A young boy leans over a pencil derby car. A giant eraser car sits next to him.
Giant pencil and eraser derby cars were a feature at 826 Valencia's 20th anniversary block party. Photo by Carolyn Stein.

The store that fronts 826 Valencia sells the finest pirate goods in all the seven seas: hand hooks, planks, peg legs, eye patches; you name it! In the aft of the store, buccaneers young and old can be found with a pen in one hand and a spyglass in the other, searching for the best stories to tell.

On Saturday, several dozen of those young pirates and their families spilled onto a car-free Valencia Street to celebrate the writing and tutoring center’s 20th Anniversary. They played with shark puppets, giant chessboards and derby cars shaped like pencils and erasers. 

“My birthday wish for 826 is that everyone can get the opportunity I got, because I feel like it was a big experience for me,” Frederick Layne, 16, said before reading his piece in front of an eager audience. 

Layne started going to 826 Valencia a year and a half ago. In his writing, he revealed the losses he experienced in his family over the course of his life. “I know that I never let the losses that I took make me just stop wanting to go to school … but instead use them as excuses to do better,” he read. 

The crowd erupted in applause. “I went through a lot of similar experiences to yours,” a photographer told Layne after his reading. “Keep doing what you’re doing.”

Frederick Layne. Photo by Carolyn Stein.

826 Valencia has served the students in the Mission with writing workshops, tutoring and pirate magic since it opened 20 years ago. Author Dave Eggers and teacher Nínive Calegari started the nonprofit to meet a problem teachers were facing: Not enough one-on-one writing instruction for students. 

“What we found was that students that had not been confident writers, especially if English was their second language, they were unhappy at school, they were not feeling confident, they were not feeling that they could raise their voice and participate fully,” Eggers said.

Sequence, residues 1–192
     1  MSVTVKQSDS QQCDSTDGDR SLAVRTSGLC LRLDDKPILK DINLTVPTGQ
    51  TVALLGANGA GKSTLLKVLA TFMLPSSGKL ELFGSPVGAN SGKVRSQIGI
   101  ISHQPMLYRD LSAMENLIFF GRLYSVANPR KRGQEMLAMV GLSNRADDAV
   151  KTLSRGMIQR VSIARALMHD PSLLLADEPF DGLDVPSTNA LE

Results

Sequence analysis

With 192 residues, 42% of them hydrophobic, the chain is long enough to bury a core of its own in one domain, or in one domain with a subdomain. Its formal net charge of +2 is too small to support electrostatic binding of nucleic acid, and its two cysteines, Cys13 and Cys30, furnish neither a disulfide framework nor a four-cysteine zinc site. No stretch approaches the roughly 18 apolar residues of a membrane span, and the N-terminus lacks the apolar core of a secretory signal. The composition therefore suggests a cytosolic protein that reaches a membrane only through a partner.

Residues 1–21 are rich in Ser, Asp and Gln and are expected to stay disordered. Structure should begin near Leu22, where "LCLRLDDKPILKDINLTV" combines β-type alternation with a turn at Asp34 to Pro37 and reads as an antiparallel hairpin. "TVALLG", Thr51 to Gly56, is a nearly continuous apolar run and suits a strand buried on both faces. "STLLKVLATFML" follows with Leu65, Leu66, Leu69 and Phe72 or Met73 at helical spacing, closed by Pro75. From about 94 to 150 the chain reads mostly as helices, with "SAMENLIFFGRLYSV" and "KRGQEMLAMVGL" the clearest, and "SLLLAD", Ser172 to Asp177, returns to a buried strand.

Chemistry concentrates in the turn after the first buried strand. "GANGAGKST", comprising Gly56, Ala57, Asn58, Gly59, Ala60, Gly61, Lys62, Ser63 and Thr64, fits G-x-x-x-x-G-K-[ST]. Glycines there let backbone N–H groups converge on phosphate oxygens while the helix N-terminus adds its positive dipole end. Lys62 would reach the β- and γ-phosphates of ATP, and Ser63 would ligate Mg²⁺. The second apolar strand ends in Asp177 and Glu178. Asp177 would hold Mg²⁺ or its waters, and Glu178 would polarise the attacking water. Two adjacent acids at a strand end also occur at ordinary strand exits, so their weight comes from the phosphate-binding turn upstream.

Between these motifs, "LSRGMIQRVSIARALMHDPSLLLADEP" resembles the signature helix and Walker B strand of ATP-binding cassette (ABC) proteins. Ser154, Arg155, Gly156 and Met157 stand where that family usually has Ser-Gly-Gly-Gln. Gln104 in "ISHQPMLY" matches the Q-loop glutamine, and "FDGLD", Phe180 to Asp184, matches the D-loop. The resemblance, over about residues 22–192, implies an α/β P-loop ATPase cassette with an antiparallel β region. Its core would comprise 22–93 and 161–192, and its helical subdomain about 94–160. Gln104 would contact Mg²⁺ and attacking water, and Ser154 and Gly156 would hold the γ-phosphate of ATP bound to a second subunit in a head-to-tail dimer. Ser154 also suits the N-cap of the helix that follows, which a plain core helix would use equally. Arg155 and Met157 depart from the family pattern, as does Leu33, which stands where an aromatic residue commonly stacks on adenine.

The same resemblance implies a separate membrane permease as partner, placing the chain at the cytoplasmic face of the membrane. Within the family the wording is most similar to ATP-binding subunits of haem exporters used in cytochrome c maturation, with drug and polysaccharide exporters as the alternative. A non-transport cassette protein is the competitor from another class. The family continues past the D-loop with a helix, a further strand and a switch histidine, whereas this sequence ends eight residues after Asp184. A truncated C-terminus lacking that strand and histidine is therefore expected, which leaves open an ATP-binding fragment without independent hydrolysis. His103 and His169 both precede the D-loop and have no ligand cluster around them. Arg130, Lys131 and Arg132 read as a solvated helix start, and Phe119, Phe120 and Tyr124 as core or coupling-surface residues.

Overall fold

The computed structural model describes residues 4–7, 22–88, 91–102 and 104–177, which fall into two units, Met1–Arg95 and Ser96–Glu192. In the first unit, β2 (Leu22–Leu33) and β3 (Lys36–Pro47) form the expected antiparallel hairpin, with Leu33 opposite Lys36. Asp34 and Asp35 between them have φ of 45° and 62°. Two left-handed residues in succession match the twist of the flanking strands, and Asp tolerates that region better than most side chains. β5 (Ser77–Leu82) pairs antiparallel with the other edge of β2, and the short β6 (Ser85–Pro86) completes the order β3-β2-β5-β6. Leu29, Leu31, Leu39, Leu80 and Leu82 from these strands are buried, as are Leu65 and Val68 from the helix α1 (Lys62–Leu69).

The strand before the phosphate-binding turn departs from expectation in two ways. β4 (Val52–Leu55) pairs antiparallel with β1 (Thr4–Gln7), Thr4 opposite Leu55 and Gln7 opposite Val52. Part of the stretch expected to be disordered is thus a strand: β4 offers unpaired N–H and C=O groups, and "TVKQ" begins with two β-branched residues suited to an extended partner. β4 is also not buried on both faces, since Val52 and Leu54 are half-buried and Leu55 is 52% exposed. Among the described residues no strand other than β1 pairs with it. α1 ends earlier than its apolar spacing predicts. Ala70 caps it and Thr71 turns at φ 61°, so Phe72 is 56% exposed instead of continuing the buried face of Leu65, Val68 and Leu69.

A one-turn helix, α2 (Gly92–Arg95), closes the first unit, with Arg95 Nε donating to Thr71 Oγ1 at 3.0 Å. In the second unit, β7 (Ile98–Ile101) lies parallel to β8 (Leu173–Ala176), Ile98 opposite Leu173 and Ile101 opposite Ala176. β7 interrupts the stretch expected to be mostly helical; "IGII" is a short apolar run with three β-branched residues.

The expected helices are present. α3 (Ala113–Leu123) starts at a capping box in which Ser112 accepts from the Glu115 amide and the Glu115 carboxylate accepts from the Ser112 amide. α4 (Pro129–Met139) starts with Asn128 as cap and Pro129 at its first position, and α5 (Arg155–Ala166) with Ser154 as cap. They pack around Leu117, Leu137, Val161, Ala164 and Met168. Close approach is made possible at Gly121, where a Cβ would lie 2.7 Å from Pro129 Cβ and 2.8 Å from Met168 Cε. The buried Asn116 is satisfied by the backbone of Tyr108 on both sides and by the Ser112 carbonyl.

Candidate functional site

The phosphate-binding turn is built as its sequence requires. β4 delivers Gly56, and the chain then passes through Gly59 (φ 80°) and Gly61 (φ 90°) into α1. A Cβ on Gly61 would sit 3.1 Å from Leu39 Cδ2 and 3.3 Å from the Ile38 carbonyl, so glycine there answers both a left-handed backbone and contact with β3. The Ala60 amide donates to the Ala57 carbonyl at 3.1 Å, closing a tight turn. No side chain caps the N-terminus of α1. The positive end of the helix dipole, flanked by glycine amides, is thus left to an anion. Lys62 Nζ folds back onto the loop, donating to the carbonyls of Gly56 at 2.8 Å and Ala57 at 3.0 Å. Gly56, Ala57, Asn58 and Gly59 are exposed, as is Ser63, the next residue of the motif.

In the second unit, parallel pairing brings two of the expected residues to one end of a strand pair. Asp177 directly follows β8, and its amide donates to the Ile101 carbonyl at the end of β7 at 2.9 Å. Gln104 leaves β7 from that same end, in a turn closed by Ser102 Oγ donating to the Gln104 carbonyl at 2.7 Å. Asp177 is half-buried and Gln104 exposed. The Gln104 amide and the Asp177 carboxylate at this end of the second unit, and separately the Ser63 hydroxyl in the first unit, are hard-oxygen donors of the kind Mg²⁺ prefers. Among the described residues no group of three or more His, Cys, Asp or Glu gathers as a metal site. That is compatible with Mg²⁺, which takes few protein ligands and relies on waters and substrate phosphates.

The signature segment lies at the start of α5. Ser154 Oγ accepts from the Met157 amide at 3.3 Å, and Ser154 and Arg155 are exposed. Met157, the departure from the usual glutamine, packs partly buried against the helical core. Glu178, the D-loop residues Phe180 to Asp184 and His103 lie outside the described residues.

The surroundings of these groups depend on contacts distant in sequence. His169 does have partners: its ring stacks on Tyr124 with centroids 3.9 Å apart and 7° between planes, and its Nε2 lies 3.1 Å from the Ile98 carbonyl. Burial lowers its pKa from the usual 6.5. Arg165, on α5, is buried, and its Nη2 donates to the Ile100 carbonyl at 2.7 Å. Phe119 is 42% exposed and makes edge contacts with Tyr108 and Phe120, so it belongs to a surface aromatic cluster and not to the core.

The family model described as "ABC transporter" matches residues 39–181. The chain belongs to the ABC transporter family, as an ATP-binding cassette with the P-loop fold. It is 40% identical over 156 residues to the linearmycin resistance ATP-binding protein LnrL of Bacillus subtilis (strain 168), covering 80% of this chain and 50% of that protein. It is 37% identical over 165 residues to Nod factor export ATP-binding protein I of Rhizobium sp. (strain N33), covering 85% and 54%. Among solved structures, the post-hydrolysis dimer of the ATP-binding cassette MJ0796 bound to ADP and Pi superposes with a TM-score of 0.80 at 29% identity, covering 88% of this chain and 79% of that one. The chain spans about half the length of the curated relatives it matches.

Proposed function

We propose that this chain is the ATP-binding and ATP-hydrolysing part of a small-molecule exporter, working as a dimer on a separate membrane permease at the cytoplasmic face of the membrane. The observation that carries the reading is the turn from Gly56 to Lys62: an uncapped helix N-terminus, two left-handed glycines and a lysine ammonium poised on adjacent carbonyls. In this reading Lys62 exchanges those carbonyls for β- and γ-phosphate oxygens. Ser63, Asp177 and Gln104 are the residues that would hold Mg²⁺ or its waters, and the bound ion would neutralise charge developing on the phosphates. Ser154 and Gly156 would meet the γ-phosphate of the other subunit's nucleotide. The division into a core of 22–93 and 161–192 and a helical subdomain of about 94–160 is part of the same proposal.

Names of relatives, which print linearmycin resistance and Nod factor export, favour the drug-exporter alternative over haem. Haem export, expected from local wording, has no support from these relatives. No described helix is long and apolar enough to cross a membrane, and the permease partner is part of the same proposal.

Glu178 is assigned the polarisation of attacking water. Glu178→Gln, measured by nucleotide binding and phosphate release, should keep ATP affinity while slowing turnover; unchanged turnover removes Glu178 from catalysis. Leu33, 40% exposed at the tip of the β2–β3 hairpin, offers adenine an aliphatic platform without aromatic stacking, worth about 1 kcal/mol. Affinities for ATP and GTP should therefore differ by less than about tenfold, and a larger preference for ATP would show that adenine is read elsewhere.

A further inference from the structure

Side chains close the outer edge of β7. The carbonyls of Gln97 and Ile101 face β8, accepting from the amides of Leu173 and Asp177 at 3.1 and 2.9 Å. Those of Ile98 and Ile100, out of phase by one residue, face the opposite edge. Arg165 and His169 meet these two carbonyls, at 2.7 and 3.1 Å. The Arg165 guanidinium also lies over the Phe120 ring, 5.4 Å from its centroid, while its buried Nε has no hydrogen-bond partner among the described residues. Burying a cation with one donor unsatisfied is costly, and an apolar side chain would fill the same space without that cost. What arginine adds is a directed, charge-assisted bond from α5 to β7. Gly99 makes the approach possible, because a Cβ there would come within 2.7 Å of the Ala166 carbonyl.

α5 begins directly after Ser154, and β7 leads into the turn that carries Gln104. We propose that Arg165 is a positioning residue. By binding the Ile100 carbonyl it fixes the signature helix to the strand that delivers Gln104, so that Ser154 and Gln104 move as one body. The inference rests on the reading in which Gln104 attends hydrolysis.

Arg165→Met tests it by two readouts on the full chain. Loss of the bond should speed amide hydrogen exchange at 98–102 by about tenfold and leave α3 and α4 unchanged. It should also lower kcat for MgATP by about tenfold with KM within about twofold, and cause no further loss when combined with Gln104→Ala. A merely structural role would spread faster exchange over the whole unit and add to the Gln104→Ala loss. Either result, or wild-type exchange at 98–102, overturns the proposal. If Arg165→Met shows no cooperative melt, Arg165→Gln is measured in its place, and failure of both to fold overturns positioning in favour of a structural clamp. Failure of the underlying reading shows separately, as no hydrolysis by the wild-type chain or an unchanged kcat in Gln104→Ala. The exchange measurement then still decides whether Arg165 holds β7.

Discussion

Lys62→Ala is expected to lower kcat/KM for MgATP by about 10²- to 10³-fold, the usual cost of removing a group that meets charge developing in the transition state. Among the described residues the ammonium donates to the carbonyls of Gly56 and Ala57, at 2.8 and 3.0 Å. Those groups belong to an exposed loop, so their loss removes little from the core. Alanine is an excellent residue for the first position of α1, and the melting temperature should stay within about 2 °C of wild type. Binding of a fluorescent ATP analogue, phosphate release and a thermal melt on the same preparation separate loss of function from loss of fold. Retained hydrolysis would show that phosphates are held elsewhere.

But at 826 Valencia, developing student voices didn’t look like doing grammar drills in Davy Jones’ Locker or writing a(rrrrgh)umentative essays on the symbolism of the whale in “Moby Dick.” It looked like adults listening to students’ ideas and engaging in dialogue as students crafted poems and personal essays, many of them learning to value the pen as an anchor for understanding the world and their own lives.

“What we’re trying to do is elevate writing to be equally, if not more important, than the reading,” said current executive director and long-time teacher Bita Nazarian. “If we focus on writing, then students are basically interpreting the world, expressing themselves, sharing their ideas; they’re actually stronger learners and thinkers and can influence other people.”

Eggers also sees writing as a power that allows students to engage in contemporary politics. 

“If you can’t write, it is very difficult to let your voice be heard in a cacophonous democracy, but those who can write have great power,” Eggers said. 

Six years after 826 opened its doors, Obama was elected president. Eggers and others used that to their advantage: “We were able to tell all of our students, ‘Look, here’s a man who became president, in large part, because of his gift with the written word.’”